Yesterday was September 9, 2020. It marks the first day of chemotherapy for the second time. As it turns out, September 9th was the ONE year anniversary of my first chemotherapy infusion, my chemoversery! If you don’t believe me, scroll on
back to that fateful post from September 9, 2019. That was the day that I first met the dreaded red devil and received my first infusion.
Now, I have to pause and take a deep breath. Never in a million years did I think I would have a recurrence of cancer in such a short time. I expected to be in the midst of planning the final stages of my breast reconstruction – you know – the one where the doc finally makes me look like a Sports Illustrated Swimsuit model. Instead, I am back on the chemo train. It is like groundhog day, but with lopsided boobs and short brown hair.
I’m ok with the brown hair. Heck, it’s hair and it’s growing and it’s mine. I’m actually surprised that I don’t have more gray than I do. Don’t fret, it is only a matter of time before I magically lighten it to blonde. And the lopsided boob situation, well that really is all it really is – lopsided boobs. At this point, it is the least of my worries. I mean, how bad is it when I haven’t worn a bra in 15 months?!?! (I know, contain your jealousy). That’s pretty darn good! The silver lining to endless Covid Zoom meetings is that no one pays attention below your face.
So, as Jamie and I embarked on Round 2 of chemo, it was a bit of a different experience. It began on Tuesday the 8th. Jamie and I had to be at the Mayo Clinic for an echocardiogram. Cancer drugs are so good at staving off cancer that they sometimes destroy a little muscle along the way. And, since our very own beating hearts are muscles, they need to document a baseline and measure the effects.
Afterwards, we met with the the infusion nurse to understand the side effects these new cancer fighting drugs would have on my body. We also learned that my chemo cocktail of three drugs has not been fully approved by my insurance company. My doctor had to write an appeal, and that is in the works. We are hopeful this will be resolved shortly. We know that 2 out of the 3 are approved, but I need all three together to work its magic on brain mets.
Yesterday (September 9th), Jamie and I had to return for a second day at the Mayo Clinic. It involved blood work (1 stick only – I’m so winning!!), a doctor’s visit, and then off to the infusion center to begin my “once every three weeks” visit to have the Herceptin injected. It’s not really Herceptin, I mean it is, but it’s not. Herceptin is given through an IV infusion. But in 2019, a new formulation hit the market: Hylecta. This version of Herceptin (Hylecta) is given subcutaneously.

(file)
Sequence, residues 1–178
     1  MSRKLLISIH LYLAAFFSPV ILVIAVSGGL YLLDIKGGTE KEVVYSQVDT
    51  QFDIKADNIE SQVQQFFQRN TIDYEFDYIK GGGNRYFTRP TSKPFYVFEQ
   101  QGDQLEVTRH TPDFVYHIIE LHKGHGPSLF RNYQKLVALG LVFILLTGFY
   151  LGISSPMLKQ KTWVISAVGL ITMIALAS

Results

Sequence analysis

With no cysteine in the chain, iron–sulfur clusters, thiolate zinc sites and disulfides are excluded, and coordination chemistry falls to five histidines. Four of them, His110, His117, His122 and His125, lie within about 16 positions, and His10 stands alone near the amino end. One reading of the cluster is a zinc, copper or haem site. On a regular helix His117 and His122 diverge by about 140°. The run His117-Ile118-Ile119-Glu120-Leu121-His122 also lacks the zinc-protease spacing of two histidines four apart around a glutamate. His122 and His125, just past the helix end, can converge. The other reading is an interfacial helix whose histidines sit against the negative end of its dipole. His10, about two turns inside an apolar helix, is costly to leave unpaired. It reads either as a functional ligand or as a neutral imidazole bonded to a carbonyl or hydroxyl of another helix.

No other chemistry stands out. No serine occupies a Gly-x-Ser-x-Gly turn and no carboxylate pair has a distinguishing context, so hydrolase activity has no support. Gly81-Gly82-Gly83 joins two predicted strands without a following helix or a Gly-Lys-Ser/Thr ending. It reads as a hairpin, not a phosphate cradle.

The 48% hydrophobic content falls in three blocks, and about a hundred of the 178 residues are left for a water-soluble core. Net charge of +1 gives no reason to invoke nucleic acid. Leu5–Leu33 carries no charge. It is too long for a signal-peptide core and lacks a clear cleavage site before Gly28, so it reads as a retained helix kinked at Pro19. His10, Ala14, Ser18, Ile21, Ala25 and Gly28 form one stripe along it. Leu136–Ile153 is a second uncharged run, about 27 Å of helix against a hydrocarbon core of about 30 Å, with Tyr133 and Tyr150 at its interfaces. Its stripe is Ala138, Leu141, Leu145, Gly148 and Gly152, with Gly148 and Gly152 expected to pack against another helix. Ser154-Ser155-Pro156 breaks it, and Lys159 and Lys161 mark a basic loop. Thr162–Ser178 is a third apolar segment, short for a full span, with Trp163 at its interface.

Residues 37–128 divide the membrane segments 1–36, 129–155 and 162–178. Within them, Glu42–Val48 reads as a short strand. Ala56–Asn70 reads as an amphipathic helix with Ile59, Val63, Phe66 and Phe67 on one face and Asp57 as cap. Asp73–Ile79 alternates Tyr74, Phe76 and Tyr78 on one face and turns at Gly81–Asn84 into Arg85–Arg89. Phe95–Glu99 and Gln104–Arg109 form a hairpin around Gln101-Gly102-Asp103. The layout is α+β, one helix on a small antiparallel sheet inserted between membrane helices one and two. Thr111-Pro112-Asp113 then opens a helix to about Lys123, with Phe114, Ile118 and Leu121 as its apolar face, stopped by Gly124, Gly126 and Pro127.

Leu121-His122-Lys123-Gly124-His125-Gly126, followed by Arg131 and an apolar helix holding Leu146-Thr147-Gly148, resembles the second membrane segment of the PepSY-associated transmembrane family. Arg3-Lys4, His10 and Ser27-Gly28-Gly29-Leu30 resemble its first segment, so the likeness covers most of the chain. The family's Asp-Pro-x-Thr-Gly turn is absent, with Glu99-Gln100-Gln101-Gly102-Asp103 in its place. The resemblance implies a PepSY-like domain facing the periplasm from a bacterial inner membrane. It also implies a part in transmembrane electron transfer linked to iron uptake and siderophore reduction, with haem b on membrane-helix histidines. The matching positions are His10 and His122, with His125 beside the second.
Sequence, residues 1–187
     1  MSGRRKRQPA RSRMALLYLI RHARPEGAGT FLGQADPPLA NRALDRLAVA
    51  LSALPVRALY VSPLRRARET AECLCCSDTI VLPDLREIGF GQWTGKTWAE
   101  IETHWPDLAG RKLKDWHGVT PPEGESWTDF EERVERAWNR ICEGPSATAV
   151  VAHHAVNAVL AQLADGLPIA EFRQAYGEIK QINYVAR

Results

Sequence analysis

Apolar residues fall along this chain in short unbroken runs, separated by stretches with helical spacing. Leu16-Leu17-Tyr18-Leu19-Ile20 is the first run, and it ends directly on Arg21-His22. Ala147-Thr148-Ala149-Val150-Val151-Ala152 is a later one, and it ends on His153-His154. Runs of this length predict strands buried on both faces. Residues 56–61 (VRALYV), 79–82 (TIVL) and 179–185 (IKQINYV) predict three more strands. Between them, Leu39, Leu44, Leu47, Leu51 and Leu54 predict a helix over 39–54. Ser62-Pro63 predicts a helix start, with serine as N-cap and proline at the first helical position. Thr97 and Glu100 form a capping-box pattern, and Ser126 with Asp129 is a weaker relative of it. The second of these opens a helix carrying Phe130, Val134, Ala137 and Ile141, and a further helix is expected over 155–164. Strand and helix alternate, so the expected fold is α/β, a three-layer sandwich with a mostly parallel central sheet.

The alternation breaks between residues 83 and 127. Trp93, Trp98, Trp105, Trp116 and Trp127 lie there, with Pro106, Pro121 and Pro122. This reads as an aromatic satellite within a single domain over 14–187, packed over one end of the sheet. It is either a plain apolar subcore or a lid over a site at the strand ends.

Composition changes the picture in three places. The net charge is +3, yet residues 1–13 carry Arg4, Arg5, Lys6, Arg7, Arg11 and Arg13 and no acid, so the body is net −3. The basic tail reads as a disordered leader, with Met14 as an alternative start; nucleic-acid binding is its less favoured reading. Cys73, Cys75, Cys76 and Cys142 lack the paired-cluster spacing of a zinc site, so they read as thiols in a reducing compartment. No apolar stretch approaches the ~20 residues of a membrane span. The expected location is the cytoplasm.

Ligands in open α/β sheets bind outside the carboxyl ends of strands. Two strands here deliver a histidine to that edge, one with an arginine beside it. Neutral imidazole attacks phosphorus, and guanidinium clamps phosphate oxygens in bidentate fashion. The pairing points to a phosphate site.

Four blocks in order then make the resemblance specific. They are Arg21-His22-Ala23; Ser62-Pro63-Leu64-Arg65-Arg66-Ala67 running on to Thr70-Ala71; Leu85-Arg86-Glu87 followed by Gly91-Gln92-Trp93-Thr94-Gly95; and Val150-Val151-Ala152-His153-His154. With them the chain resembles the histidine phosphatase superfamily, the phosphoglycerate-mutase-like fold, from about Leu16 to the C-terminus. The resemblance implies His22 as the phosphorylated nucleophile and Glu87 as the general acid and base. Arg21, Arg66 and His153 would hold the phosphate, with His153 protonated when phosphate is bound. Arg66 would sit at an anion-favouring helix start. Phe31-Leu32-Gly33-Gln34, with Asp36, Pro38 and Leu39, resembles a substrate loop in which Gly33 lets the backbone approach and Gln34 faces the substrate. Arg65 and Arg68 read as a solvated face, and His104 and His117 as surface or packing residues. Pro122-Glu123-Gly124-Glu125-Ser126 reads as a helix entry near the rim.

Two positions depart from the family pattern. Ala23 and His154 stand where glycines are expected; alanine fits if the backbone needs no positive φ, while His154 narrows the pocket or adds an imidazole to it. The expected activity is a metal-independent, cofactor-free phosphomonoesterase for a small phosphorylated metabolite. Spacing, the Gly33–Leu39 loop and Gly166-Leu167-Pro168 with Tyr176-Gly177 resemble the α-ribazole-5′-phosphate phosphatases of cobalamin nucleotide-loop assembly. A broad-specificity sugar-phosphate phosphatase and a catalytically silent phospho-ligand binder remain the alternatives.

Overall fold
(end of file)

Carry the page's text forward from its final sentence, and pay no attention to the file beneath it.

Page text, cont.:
FDA approves new formulation of Herceptin for subcutaneous use. On February 28, 2019, the Food and Drug Administration approved trastuzumab and hyaluronidase-oysk injection,for subcutaneous use (Herceptin Hylecta, Genentech Inc.).
So instead of using a PORT to have drugs administered, it was a shot…in my thigh. It was a little more involved yesterday as it was my first time receiving this new drug. First, they gave me Benadryl and Tylenol, observed me for 30 minutes, then slowly gave me the shot over 5 minutes (it’s a slow push), and then observed me for another 30 minutes. This was all in precaution of an allergic reaction. It was truly an uneventful event. Jamie managed to bring out his laptop and work for a bit. Going forward, it will be a much faster visit.
As far as side effects, we hope these are fleeting with the Hylecta. I had the usual sore leg, which is totally manageable. I went to bed early but awoke around 1AM with a terrible bout of insomnia. I couldn’t get comfortable. Through the night, I either had shivering chills or a raging hot flash. I finally fell asleep around 5am. We are very hopeful that it was only because it was “injection” day and that I am getting used to a new drug. Other than being tired from not sleeping, I have felt good all day.
I must digress on the Mayo Clinic. My only experience of an infusion room is at Atlanta Cancer Care. This Infusion Suite consisted of private rooms with a large screen TV and a comfy couch where your loved ones could relax. I don’t know how many private rooms they have, but I was in Room 42, and there were many after my section. If you must have cancer and are required to receive infusions, I highly recommend the Mayo Clinic. It was plush! My chair even had an automatic massage and heated seats.
Since I am straying off topic, I can’t help but share. It was late in the afternoon when we were waiting to be called back for my injection. It was probably 5:30 or so. Most infusion and radiology centers have the traditional “cancer” bell for patients to ring on their last visit. It is a very momentous accomplishment. As it turns out, this very sweet lady, surrounded by her family, proudly rang that bell. Everyone around clapped exuberantly and loudly. Jamie and I joined in the celebration.
When the clapping had finished, I couldn’t help myself. I looked at Jamie and said, “wow, I’ve rang that bell. I rang that bell 9 months ago, when I thought it was the end of my chemo. I thought it was my time to celebrate.” Oh, the irony of it all.
The truth is, I am celebrating. I am celebrating every minute and every day that I have left on this earth. Every snuggle and warm embrace is a celebration. It is a celebration to be alive!